“It’s almost like watching a novela.”

That’s how Juan Escalante, the digital campaigns manager at America’s Voice and a DACA recipient, described the unfolding of events since the Trump administration announced the end of the Deferred Action for Childhood Arrivals program.

Earlier this month, Attorney General Jeff Sessions said the Obama-era program, which shields undocumented immigrants who came to the U.S. as children from deportation and allows them to legally work in the country, would end on a six-month delay, placing the onus on Congress to find a legislative solution. A little over a week later, after a dinner meeting with the president, Democrats Nancy Pelosi and Chuck Schumer said in a statement that the three leaders “agreed to enshrine the protections of DACA into law quickly.” Pelosi and Schumer’s announcement sent shockwaves across Washington, but those who the statement directly impacts remain skeptical.

“In terms of the tweets, and everything like that, nothing will be official, until it’s official,” said Maria Praeli, a DACA recipient who works as an immigration-policy associate at FWD.us, a pro-immigration group. Praeli cited Trump’s tweet on Thursday morning in which he described the group as “good, educated, and accomplished young people” as a source of hope. “I think those comments are great,” she said, adding that even so, there’s still anxiety about what comes next for the program’s beneficiaries.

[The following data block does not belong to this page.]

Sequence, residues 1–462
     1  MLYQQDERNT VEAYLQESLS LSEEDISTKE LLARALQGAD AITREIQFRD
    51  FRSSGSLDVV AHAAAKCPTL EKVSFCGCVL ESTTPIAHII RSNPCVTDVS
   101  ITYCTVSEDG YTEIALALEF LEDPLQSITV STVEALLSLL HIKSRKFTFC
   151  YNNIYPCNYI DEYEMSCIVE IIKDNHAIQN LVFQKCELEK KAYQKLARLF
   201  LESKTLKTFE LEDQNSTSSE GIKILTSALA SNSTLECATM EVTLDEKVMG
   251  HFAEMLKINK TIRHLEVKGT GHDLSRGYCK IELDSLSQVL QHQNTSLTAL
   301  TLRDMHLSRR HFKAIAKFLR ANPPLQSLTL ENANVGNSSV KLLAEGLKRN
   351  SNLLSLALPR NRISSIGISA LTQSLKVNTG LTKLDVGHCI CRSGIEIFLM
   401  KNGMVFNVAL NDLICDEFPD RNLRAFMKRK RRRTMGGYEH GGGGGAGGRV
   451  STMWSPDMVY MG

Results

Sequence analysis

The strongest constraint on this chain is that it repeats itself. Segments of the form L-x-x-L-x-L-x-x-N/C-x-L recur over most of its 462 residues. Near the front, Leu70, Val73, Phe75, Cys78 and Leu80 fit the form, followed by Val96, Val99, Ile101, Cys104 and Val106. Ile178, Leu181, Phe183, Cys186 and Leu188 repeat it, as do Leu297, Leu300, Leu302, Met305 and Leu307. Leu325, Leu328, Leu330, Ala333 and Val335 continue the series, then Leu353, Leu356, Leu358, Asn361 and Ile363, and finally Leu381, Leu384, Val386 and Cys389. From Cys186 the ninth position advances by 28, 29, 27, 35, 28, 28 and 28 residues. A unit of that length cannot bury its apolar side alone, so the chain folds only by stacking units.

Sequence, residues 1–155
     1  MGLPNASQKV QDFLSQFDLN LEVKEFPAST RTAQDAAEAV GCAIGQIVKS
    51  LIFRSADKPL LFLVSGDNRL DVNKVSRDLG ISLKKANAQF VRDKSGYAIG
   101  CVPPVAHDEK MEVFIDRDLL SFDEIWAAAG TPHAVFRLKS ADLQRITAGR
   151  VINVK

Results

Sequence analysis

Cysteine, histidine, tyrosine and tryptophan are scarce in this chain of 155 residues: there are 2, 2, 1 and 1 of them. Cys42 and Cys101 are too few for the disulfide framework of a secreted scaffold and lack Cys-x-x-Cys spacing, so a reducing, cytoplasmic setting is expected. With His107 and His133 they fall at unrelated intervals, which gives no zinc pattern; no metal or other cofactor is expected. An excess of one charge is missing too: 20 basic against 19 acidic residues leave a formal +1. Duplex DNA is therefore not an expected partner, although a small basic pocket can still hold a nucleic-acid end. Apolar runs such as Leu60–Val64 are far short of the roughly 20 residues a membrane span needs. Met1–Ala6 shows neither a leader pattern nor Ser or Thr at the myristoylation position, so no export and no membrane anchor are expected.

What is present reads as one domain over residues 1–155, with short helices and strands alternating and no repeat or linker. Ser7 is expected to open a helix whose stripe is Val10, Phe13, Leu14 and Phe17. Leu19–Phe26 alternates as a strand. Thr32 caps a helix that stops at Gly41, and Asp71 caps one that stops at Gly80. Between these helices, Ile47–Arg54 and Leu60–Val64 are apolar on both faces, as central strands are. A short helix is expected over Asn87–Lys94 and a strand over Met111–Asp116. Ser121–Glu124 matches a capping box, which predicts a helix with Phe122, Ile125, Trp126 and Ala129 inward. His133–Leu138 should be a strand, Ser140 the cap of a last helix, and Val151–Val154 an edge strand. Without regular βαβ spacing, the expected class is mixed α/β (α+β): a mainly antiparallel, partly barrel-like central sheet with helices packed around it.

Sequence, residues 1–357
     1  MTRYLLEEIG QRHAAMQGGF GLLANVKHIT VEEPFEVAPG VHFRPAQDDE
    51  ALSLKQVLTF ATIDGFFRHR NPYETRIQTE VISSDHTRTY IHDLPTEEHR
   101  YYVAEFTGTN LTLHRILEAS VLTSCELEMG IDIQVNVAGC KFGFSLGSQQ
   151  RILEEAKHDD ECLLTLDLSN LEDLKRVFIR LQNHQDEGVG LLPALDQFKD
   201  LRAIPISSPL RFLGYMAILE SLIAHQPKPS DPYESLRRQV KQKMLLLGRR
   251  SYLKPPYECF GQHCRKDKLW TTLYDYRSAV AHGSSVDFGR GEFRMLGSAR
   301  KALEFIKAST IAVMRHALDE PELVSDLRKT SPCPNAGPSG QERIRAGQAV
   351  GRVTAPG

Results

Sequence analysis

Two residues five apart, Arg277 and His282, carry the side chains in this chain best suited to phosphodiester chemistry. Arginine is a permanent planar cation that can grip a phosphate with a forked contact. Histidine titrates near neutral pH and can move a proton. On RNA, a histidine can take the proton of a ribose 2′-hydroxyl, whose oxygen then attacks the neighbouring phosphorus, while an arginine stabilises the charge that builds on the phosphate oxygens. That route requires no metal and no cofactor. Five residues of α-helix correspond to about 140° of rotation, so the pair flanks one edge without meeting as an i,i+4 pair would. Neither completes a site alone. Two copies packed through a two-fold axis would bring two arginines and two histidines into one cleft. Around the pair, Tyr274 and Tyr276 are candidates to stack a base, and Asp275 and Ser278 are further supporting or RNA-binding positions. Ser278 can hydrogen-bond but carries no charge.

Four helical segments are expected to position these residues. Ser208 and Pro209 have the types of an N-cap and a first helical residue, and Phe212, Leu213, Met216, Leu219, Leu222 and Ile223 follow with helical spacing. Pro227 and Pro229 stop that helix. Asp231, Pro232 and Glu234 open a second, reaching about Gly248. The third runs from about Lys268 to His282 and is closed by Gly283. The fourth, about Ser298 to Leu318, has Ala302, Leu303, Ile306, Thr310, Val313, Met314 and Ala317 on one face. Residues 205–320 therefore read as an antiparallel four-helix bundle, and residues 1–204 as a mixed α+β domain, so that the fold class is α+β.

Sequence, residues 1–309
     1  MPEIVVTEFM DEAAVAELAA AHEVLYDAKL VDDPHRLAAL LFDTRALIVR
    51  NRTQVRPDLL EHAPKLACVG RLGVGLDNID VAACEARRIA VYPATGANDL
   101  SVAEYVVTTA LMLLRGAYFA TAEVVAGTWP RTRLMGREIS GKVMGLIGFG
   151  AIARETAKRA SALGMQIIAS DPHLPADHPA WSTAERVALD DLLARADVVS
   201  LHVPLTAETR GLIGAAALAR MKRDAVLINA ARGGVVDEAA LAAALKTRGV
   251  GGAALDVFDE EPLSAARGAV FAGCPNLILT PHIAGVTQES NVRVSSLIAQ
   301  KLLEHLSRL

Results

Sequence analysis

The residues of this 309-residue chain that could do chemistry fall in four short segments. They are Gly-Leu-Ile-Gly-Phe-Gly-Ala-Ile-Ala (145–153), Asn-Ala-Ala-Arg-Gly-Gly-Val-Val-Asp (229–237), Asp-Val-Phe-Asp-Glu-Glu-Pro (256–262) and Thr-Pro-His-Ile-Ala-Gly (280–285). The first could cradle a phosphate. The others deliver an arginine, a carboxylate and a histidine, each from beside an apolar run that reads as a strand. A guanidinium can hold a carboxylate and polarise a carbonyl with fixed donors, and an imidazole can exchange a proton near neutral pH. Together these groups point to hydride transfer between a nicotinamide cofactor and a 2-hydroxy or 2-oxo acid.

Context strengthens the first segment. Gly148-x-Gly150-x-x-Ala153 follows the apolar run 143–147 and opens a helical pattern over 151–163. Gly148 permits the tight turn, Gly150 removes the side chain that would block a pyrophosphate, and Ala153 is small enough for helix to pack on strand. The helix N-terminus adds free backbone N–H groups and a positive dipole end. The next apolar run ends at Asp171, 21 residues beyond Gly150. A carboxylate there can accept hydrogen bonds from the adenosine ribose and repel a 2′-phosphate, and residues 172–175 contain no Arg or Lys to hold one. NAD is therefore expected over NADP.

The Department of Homeland Security has said that it will no longer consider new applications, but that it will allow recipients whose work permits expire between now and March 5, 2018, to apply for a two-year renewal by October 5. The administration’s decision leaves hundreds of thousands of immigrants, many of whom are actively participating in American society, in limbo. Trump’s latest remarks on DACA don’t appear to have instilled any more hope among the program’s recipients.

“It’s more waiting to see what actually happens, worrying about the back and forth,” said Ciriac Alvarez, a DACA recipient who lives in Utah.

Democrats are pushing for the DREAM Act, a measure first introduced in 2001 that offers a path to citizenship for a segment of the undocumented population brought to the U.S. as children. The measure has come up time and again since its inception, but has consistently fallen short of passage. Alvarez cited that as a concern: “I am just super skeptical because it’s something that’s failed time and again,” she said.

On Twitter, Erika Andiola, a well-known immigration activist, warned Schumer and Pelosi not to use DACA recipients as a “bargaining chip.” “We can’t allow Schumer and Pelosi to make a deal that includes interior enforcement for #DACA protection. We are not your bargaining chip!” she said.

Praeli conceded that “it’s always somewhat surreal to have to hear those conversations and know it’s you they’re talking about, and they’re using [you] to find some sort of deal.”

The details of the tentative accord struck between Trump and Democratic leaders are scarce. During a press conference Thursday, House Speaker Paul Ryan said, “There is no agreement.”

The politics are not lost on DACA recipients and advocates, some of whom have long been pushing for legislation, as well as the fact that the latest back and forth is a direct result of Trump’s decision to end the program in the first place. “This crisis is something he created and the only way we’re moving forward is if he takes leadership,” Escalante said.

For many of the program’s beneficiaries, gaining legal status isn’t an option, due to the fact that they entered the country illegally. Until there’s a legislative solution, the president’s rhetoric and deals struck between the White House and lawmakers are of little consolation.


Related Video